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FACTS ABOUT DOWN
WHAT IS GOOSE DOWN?

Goose down and goose feathers are not the same thing! Feathers have a much stronger structure compared to down clusters and consist of a hard shaft and adjoining laments. That is why goose feathers are ideal for people who need rm pillows. The feather pillow is able to carry the weight of your head and therefore provide proper support for your neck.

Down has a soft centre and finer filaments and has the ability to puff out and connect with the surrounding clusters creating a network that can effectively retain your body heat. Our bodies generate heat which moves into and slowly through the filling where it is trapped in air pockets. Goose- down is the most superior insulator available.

We can see the same insulating effect when we observe birds in nature in the early morning hours. Birds puff up their down and can effectively retain their body heat and stay warm with the additional layer of outer feathers. As the sun rises and the birds are warmed, they take flight. This causes the down
and feather insulation to collapse and release the warm air pockets. We see a similar thing happening in our bodies when we get goose bumps from the cold.

WHAT MAKES A GOOD QUALITY DOWN?

A quality pillow or duvet depends on the structure of the down and feathers. As soon as you damage or change their original structure, you compromise on the quality. So let me explain more about the motive behind the use of re ned feathers (or man-made down). Pure goose down is extremely scarce and therefore extremely expensive. The handful of down collected from the goose is very small compared to the amount of feathers on the bird. One queen size autumn duvet uses down collected from about fifty geese! Duvets filled with 100% pure goose down are therefore expensive.

To reduce the high cost of pure down, producers resort to refining feathers with machines and thereby not only creates a larger initial market, but also an additional market in come-back sales when old products need to be replaced. In this process the hard shaft of the feather is chopped into soft, fluffy bits.
In a clever piece of marketing, the product of this artificial process is named “Super Down”. In theory this is a brilliant idea but the process drastically reduces the quality of the filling. Unfortunately, most sales staff are not trained to explain the differences in quality and thereby can’t help customers make well informed choices.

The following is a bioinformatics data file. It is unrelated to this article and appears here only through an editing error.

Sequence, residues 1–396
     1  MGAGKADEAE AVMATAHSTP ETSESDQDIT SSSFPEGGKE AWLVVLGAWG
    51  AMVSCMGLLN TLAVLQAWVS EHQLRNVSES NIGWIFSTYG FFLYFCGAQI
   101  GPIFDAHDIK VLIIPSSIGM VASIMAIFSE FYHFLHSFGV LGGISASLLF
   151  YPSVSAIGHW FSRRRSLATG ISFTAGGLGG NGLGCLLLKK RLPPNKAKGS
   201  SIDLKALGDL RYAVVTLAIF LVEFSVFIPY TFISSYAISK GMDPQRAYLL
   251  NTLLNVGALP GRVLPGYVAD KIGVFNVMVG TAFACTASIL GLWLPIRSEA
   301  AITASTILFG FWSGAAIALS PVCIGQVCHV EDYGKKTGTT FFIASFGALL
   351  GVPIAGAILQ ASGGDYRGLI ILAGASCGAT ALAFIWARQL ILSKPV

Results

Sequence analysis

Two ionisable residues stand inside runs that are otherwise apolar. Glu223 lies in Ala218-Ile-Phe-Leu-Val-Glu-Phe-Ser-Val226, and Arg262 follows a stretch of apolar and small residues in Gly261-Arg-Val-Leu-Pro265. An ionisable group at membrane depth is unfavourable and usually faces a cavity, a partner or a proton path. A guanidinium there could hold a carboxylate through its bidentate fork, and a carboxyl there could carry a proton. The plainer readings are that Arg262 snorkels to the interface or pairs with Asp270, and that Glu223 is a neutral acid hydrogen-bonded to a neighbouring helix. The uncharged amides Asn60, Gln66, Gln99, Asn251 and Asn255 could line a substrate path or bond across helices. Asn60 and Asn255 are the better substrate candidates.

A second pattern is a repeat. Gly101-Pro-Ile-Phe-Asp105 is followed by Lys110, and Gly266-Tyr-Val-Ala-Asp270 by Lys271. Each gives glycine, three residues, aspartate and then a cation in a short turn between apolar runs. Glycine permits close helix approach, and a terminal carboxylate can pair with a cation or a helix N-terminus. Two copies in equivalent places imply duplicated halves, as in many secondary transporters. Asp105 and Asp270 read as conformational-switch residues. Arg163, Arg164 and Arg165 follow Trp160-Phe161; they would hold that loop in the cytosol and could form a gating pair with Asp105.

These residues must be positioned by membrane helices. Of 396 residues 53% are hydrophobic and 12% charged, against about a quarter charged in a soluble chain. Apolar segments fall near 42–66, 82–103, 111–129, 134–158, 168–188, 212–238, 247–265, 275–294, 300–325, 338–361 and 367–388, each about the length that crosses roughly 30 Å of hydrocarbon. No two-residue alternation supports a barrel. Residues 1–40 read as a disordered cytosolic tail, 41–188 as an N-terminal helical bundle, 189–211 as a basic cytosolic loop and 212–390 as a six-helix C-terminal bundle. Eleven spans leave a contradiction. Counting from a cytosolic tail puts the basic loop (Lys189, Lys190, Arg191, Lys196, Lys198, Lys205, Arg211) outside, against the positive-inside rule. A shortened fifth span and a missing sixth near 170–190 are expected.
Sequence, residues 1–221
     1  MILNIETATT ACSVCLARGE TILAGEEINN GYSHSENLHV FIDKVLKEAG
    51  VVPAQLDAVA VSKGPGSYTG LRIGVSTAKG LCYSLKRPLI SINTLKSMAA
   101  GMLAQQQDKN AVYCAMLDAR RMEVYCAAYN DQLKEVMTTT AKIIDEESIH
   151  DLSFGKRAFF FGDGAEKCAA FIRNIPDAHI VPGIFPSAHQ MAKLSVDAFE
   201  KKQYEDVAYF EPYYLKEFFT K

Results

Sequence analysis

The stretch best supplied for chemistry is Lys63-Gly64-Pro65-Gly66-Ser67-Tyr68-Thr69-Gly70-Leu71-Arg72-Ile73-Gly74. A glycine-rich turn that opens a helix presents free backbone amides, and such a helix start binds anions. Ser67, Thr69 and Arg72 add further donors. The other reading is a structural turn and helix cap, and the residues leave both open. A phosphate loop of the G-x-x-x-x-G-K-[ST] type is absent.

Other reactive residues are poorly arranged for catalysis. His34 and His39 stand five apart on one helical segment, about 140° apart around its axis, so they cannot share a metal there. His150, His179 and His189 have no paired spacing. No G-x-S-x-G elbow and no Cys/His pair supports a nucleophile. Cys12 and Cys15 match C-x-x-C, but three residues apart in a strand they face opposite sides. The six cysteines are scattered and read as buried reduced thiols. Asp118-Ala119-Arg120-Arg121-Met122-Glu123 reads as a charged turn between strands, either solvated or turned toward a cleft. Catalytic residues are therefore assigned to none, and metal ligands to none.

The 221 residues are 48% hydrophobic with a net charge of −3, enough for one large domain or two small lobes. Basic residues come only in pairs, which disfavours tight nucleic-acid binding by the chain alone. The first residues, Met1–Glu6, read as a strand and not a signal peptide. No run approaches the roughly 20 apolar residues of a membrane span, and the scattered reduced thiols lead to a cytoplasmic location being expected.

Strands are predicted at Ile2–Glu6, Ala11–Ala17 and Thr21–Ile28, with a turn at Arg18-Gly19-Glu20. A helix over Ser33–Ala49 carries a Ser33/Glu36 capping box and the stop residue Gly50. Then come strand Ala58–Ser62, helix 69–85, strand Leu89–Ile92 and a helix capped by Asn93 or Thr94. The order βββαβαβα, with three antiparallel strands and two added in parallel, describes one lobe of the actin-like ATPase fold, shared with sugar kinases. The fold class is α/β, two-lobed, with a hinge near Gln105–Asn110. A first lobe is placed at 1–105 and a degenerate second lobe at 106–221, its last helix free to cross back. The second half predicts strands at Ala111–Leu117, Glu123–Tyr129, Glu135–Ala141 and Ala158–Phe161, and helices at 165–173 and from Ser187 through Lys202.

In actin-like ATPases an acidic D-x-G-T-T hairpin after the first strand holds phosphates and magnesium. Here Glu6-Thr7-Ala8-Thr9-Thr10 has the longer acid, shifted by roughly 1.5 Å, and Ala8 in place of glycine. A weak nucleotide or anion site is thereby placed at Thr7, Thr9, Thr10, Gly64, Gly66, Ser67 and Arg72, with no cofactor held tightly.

The consequence of the process to which feathers are subjected in manufacturing Super Down is that they begin to disintegrate slowly.

The disintegrating feathers give off a very fine powdery dust which escapes through the down and feather-proof casings. This effectively leaves you sleeping with your face buried in dust; which has obvious implications for allergy and sinus irritations. An expensive trip to the doctor causes some customers to believe that they are in fact allergic to feathers and need to get rid of their pillows altogether. But it is not the feathers, its the dust! The filaments falling off the broken shaft pieces eventually cause the whole Super Down cluster to collapse and become lumpy. Your pillow or duvet will fall at after two to five years of use (dependent on the ratio of whole feathers vs re ned). You may be familiar with the stiff neck caused by a at pillow or a duvet that no longer keeps you warm. This is because collapsing, broken feathers lose their initial ability to capture body heat. The filling becomes lumpy, shifts to the side of its compartment and you end up with fabric on fabric areas (or cold spots). In these areas your body heat escapes through the duvet and you inevitably wake up shivering.

HOW TO INTERPRET THE LABELS
When you carefully check the label you may find Goose down 80/20. This means that 80% of the product is filled with refined feathers and 20% of it is pure down and/or feathers.

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